After identifying the open-source project, the next thing you need to do is identify an issue to solve. Most open-source projects already have available issues listed, while others don't. You can visit our Open Source Issues page to find issues that are actively looking for contributors. If you happen to work with an open-source project that has raised issues, notify the maintainers of your interest in the project, read through the project documentation, and start working on it. If you don't see available issues, then try using the project and identify things that should be fixed but haven't been. Then fix it and submit a pull request.
Before submitting the pull request, try to understand the open-source project's review process and how they expect to submit pull requests. Ensure you follow the style guide when submitting your pull request.
A typical open source project has the following types of people:
Author: The person/s or organization that created the project
Owner: The person/s who has administrative ownership over the organization or repository (not always the same as the original author)
Maintainers: Contributors who are responsible for driving the vision and managing the organizational aspects of the project (They may also be authors or owners of the project.)
Contributors: Everyone who has contributed something to the project
Community Members : People who use the project. They might be active in conversations or express their opinion on the project’s direction
Open source communities are organized collections of contributors to a project (software). These communities bring people with shared interests together to collaboratively build something, which can be shared with anyone inside or outside of the community. You can join an open-source project by subscribing to the mailing list for that project, joining their workspaces on slack, discord, or IRC.
GitHub is home to the largest open source community in the world with millions of open source projects hosted on the web-based platform for working on software projects.
A common misconception about contributing to open source is that you need to contribute code. Here are some ways to contribute to open-source other than contributing to the codebase.
Advocate for Open Source Software: As an advocate, your main duty is to invite contributors to the project through events, hackathons, digital communication and make it easy for people to get started.
Use Open Source software: As a user, you are arguably the most important part of an open-source project, for if it were not for you, why would anyone build it? As a user, you will deploy the solution, download or install, and attempt to use it. You’ll also be among the first people to give feedback, discover bugs, and caveats in the software, and report to the maintainers.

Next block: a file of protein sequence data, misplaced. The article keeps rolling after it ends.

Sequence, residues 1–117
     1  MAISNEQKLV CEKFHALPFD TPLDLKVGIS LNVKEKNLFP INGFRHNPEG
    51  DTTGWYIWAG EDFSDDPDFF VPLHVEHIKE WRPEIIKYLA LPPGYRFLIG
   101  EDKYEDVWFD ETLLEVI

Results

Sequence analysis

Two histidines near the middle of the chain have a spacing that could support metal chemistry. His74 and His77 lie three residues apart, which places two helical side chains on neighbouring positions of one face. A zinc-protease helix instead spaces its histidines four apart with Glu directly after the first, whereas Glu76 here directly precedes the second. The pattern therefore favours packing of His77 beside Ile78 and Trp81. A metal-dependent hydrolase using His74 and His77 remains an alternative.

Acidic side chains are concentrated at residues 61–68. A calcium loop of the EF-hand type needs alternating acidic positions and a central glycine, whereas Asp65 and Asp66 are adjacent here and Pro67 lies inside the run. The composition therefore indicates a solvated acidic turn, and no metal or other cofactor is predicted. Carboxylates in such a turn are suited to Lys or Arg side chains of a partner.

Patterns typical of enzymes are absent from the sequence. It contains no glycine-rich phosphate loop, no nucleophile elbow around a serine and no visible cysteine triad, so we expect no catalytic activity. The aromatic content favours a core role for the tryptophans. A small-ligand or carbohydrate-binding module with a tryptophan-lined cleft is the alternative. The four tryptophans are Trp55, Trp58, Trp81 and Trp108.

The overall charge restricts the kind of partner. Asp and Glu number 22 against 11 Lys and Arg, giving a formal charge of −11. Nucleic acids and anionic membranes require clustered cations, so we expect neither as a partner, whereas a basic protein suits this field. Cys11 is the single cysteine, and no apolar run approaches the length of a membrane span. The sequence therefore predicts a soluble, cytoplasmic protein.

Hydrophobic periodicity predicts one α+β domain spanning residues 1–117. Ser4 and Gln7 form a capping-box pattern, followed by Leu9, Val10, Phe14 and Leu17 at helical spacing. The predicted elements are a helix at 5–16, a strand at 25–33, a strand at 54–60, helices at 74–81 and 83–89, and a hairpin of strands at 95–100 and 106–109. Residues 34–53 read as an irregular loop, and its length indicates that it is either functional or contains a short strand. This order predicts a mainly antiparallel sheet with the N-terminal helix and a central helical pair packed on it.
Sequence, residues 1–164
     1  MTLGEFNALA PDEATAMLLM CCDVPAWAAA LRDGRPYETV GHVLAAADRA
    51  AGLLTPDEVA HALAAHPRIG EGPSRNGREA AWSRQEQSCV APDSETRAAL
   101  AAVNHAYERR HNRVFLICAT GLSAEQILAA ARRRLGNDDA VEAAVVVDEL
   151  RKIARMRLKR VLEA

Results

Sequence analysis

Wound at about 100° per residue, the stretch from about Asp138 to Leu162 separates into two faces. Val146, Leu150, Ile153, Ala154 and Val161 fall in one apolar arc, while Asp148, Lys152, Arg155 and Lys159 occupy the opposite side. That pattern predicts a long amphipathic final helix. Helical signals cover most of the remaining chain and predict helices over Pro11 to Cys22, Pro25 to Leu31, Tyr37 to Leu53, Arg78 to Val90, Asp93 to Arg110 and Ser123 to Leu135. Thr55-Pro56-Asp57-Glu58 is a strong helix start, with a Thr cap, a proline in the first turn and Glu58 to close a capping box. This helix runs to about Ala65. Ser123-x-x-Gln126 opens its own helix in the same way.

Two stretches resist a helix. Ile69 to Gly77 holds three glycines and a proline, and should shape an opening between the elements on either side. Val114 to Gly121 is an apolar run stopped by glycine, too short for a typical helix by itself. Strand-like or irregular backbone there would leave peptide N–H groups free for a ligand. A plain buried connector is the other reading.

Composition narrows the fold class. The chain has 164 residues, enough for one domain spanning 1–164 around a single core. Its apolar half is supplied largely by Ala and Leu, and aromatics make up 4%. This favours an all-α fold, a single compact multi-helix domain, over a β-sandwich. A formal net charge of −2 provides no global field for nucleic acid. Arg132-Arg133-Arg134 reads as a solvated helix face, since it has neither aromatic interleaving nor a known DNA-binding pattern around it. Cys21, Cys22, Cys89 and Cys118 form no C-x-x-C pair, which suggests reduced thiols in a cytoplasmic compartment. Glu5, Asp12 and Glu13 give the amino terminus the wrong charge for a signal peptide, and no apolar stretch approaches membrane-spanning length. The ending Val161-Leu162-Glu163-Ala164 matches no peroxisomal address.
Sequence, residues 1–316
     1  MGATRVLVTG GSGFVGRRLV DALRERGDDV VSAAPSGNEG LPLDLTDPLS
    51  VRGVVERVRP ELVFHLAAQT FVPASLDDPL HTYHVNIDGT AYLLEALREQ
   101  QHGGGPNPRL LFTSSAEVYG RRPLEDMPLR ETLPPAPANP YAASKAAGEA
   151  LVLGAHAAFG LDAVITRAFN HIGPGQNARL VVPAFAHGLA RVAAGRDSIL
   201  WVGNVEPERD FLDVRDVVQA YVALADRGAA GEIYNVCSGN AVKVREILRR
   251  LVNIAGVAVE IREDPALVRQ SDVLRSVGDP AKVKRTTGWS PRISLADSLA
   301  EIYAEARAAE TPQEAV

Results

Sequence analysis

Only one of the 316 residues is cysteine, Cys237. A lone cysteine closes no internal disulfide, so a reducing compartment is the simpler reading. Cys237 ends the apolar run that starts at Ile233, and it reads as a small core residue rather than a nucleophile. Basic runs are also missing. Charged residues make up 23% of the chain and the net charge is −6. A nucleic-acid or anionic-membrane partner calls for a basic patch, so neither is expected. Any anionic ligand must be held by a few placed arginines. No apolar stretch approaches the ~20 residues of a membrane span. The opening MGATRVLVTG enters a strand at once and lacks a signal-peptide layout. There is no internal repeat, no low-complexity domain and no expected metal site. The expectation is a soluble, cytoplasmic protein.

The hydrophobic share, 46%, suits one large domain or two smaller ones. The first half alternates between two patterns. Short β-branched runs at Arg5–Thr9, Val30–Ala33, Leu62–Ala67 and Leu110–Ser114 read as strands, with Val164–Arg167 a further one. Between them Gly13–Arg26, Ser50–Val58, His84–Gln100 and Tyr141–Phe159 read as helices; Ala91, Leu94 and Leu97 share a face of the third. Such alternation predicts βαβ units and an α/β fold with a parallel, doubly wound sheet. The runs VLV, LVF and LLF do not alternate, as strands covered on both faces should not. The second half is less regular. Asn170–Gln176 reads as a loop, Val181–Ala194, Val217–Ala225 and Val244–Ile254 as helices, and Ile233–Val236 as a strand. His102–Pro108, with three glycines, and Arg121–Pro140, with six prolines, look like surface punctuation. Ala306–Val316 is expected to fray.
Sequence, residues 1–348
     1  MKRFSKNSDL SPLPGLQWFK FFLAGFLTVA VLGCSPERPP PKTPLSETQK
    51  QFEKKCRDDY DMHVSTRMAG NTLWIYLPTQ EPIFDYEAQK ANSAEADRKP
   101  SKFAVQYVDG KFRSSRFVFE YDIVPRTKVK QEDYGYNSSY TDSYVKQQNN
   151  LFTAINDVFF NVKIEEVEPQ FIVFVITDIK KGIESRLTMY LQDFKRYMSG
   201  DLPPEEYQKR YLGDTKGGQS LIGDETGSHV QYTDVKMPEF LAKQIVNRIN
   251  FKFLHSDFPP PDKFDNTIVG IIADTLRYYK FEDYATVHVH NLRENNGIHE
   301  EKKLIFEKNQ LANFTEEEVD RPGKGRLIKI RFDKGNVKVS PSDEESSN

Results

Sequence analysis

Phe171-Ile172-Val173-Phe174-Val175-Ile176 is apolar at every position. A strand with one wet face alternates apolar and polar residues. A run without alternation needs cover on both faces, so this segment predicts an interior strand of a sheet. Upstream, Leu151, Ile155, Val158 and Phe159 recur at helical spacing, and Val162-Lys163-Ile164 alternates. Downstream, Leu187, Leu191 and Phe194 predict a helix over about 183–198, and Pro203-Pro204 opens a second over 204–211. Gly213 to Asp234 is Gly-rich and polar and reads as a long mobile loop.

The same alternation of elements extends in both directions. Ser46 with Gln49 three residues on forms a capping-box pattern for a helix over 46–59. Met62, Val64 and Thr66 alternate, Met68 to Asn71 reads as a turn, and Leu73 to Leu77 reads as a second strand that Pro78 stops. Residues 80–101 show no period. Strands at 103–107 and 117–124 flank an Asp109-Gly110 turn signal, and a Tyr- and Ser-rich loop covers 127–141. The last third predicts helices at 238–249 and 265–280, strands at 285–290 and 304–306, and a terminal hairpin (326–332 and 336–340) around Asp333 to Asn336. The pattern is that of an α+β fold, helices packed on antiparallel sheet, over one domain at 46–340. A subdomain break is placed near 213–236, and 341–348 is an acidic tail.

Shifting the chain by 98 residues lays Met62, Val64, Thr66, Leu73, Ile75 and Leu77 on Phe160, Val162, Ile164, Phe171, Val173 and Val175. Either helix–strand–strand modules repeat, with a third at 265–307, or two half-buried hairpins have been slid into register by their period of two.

Educate others on your favourite open-source projects: You can create content around the software - how-to’s, usage, tutorials, and walkthroughs which can be used by developers to learn about the open-source solution and acquire skills at the same time.
Design graphics and interfaces: Contributing to the design of an open-source is not as straightforward as contributing to the project’s codebase. Before you venture into contributing, you’ll need to reach out to the creators or maintainers of the project. They may not always be willing to accept your changes especially if it would affect the architectural design of the project. As a designer, you can contribute to open-source projects in any of the following ways:
Translate open-source software to other languages: Sometimes it can be challenging to contribute to open source when your primary language isn't English, but this can also be a very valuable asset. Translation (or internationalization/localization) is an extremely valuable contribution that can open up the software to a much larger user base.
Improve the knowledge base: The documentation of an open-source project is arguably as necessary as the software. Writing and improving the project’s documentation, curating a folder of examples showing how the project is used, starting a newsletter for the project, or curating highlights from the mailing list are good ways to contribute to open-source projects as a writer. In this article, Edidiong Asikpo breaks down how you can get started with contributing to open-source as a technical writer.
Donate and sponsor Open Source Communities: Last but certainly not least, open-source software are mostly free to use, however, these communities need money to pay current contributors, cover the costs of running the project (such as hosting fees) or investing in new features and ideas. Many projects allow companies to sponsor or join a project more formally by contributing funding and/or people in exchange for some advisory role in the project or enhanced visibility.
Contributing to open-source is for everyone, and comes with huge benefits. In this article, we’ve been able to cover the basics of contributing to open source as a first-timer. Working with Git is an essential skill you must have before you start contributing to open source. You can practice contributing to open-source for the first time by following the step-by-step guide in this article
Amarachi Emmanuela Azubuike
I am Amarachi Emmanuela Azubuike. I am a front-end web developer and technical writer.